Dr. Trina Biswas
Photo Credit: Prem Singh
After a steady decline in the number of hungry people in the last two decades, the number of people who go to sleep hungry at night is on the rise again. There were over 200 million fewer hungry people in 2015 (790.7 million) as compared to 1990-92 (991 million) largely due to Sustainable Development Goals adopted by the global community. However, according to the United Nations (FAO), the number of people suffering from chronic hunger increased in 2016. Nearly one out of nine people (or about 815 million people) were suffering from chronic undernourishment in 2016 as per the United Nations. The 2018 Global Report on Food Crises estimated that 124 million people in 51 countries are currently facing Crisis food insecurity or worse (the equivalent of IPC/CH Phase 3 or above) which is a rise in the number from the previous year (108 million in 48 countries faced Crisis food insecurity or worse).
Why is the global hunger on the rise again? Does climate change have to do anything with it? The answer is yes. Climate change worsens the risk of hunger and food availability. Extreme weather conditions along with political instability are identified as the dominant factors driving food insecurity in most of the developing countries. According to the 2018 Global Report on Food Crises, climate disasters triggered food crises in 23 countries in 2017, with over 39 million food-insecure people in need of urgent humanitarian assistance. According to a new Special Alert issued by FAO’s Global Information and Early Warning System (GIEWS), it is likely that reduced harvests resulting from extreme climatic conditions will intensify food insecurity in 2018 and thereby increase the number of people in need of external assistance.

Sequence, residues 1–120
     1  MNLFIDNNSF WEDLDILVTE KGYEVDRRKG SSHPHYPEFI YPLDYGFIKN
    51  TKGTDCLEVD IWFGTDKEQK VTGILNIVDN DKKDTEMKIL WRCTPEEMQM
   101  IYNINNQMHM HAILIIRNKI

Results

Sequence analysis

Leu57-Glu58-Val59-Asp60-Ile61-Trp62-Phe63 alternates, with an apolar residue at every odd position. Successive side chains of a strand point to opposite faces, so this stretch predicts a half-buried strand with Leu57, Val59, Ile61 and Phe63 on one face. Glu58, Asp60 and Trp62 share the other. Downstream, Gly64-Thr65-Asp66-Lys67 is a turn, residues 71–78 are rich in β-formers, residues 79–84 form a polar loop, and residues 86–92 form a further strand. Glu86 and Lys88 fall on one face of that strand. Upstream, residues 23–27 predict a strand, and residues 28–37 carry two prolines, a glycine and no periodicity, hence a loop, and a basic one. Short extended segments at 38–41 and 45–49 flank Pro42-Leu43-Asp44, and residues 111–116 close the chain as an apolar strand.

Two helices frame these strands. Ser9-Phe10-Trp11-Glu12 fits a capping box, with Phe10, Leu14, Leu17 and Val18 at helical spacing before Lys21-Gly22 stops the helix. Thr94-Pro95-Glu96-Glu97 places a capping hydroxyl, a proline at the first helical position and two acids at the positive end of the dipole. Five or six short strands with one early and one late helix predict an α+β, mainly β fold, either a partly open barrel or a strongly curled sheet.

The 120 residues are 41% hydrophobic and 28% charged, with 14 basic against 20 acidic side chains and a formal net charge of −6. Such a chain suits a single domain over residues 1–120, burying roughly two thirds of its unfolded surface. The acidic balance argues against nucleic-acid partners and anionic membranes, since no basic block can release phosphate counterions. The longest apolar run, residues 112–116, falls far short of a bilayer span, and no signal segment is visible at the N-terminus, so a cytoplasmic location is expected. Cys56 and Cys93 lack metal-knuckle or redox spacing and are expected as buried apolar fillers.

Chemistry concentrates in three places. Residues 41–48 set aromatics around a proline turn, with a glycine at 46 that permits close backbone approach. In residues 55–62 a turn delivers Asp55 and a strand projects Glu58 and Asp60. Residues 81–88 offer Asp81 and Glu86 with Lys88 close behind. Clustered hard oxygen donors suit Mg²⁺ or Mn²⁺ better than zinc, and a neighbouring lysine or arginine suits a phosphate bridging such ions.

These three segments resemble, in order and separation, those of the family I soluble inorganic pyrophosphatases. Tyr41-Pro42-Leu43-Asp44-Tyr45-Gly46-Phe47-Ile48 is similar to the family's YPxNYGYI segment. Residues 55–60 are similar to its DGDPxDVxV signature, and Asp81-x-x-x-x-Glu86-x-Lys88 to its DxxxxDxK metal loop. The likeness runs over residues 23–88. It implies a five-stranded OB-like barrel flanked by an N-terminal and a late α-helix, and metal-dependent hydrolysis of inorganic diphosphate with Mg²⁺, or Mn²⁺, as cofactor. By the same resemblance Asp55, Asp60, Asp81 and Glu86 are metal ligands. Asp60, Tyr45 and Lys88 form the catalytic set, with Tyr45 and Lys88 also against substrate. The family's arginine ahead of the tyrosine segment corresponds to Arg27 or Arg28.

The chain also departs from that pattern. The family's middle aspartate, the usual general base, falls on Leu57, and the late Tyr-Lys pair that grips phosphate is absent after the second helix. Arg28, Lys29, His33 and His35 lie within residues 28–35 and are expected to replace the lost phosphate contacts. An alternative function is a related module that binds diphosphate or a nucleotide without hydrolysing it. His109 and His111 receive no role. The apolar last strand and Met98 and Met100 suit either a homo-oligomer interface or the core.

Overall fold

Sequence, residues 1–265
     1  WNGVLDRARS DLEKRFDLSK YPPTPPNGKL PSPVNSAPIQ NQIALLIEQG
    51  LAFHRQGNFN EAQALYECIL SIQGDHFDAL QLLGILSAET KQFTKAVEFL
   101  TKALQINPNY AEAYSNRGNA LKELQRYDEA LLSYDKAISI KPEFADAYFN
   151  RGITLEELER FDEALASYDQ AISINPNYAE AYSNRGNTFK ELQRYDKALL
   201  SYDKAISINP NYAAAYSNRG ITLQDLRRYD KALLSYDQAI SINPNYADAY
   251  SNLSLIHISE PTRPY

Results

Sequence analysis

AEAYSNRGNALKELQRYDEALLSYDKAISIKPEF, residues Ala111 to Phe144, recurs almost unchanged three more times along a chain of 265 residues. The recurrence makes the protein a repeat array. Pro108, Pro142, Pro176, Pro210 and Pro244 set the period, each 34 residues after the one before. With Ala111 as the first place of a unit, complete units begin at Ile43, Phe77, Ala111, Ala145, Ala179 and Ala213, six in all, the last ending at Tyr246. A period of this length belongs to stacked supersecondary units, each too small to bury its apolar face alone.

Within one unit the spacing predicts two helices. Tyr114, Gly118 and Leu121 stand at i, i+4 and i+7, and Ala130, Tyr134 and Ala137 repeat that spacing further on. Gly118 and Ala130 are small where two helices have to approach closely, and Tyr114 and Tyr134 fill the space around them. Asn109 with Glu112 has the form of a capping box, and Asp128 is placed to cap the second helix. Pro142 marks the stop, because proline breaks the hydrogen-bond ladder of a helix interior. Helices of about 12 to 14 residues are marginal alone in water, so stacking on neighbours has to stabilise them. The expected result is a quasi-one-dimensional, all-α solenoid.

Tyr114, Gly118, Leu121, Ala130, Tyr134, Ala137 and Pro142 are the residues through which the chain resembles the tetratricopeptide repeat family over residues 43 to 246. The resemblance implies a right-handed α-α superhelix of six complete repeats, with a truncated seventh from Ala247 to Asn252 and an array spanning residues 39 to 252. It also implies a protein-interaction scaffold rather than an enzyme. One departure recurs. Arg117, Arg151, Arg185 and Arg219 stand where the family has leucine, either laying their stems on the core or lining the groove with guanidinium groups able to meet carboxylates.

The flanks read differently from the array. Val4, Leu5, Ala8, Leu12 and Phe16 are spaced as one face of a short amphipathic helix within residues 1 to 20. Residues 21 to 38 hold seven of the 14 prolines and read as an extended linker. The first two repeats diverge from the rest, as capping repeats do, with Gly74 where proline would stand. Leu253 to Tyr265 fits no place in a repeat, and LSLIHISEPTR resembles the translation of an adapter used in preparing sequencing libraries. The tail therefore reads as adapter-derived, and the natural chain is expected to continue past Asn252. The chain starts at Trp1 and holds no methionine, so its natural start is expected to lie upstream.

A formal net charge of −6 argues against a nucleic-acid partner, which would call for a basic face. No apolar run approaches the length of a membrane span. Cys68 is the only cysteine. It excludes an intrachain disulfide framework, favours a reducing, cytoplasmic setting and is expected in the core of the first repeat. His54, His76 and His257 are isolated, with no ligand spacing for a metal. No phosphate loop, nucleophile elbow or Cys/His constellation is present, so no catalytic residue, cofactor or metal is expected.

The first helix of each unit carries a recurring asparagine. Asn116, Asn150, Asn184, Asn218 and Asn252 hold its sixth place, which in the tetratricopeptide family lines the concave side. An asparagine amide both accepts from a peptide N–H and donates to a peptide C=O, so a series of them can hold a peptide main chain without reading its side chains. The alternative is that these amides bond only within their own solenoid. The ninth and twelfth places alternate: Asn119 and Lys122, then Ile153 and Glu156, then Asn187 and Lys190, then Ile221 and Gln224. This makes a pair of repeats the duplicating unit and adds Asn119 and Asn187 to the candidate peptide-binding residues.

Climate change is triggering extreme weather events such as droughts, floods, and storms. Extreme weather conditions are altering age-old farming traditions, destroying crops and critical infrastructures thereby exacerbating the risk of hunger. Higher temperatures and changes in rainfall pattern have serious implications for food security, nutrition, and health as it affects the quality and quantity of the agricultural output. Lower agricultural output resulting from climate change affects the livelihood of people by lowering the income. Climate change is expected to increase the prices of major crops by lowering agricultural output in most of the developing countries. Moreover, extreme weather events can hinder the delivery of food to the market by destroying critical infrastructures like roads, railway tracks, harbors, and trigger dramatic spikes in food prices. Glacial melt and sea-level rise resulting from climate change are also disrupting livelihoods in the coastal and river delta regions. Adverse climatic conditions also intensify the threats of deadly diseases like diarrhea, malaria, and malnutrition among the poorest and the most vulnerable people.
These diseases are considered to be the biggest killer of young children especially in the poor countries that are least able to adapt to the climate changes.
According to a study by the International Food Policy Research Institute (IFPRI), while a few agricultural regions are expected to benefit from climate change, overall production will decline due to extreme weather conditions as higher temperatures are expected to reduce total world production of rice, wheat, sorghum, millet, and maize. The same study suggests that extreme climatic condition can lead to an increase in child malnutrition in the developing world by 20% by lowering agricultural output, income, and higher crop-price. The study further reports that the total calories available in 2050 will be lower than in 2000. As suggested by IFPRI research, climate change will put an additional 70 million people at risk of hunger in 2050.
With increasing threats linked to climate change, adoption of the climate-resilient food system to mitigate world hunger in the long term should be part of the sustainability agenda. Actions to reduce the emission of harmful greenhouse gases to fight climate change can reduce the risk of hunger. Investments in climate-smart agriculture that can increase agricultural productivity and reduce the emission of greenhouse gases should be part of policy goals to better handle and adapt challenges of a changing climate. Embracing technological innovations in agricultural production can boost yield and make the system more equitable and resilient to climate change. Liberalization of world food trade could also substantially reduce the number of people at the risk of hunger.
Department of Agricultural Economics & Agribusiness,
Louisiana State University, Baton Rouge, USA.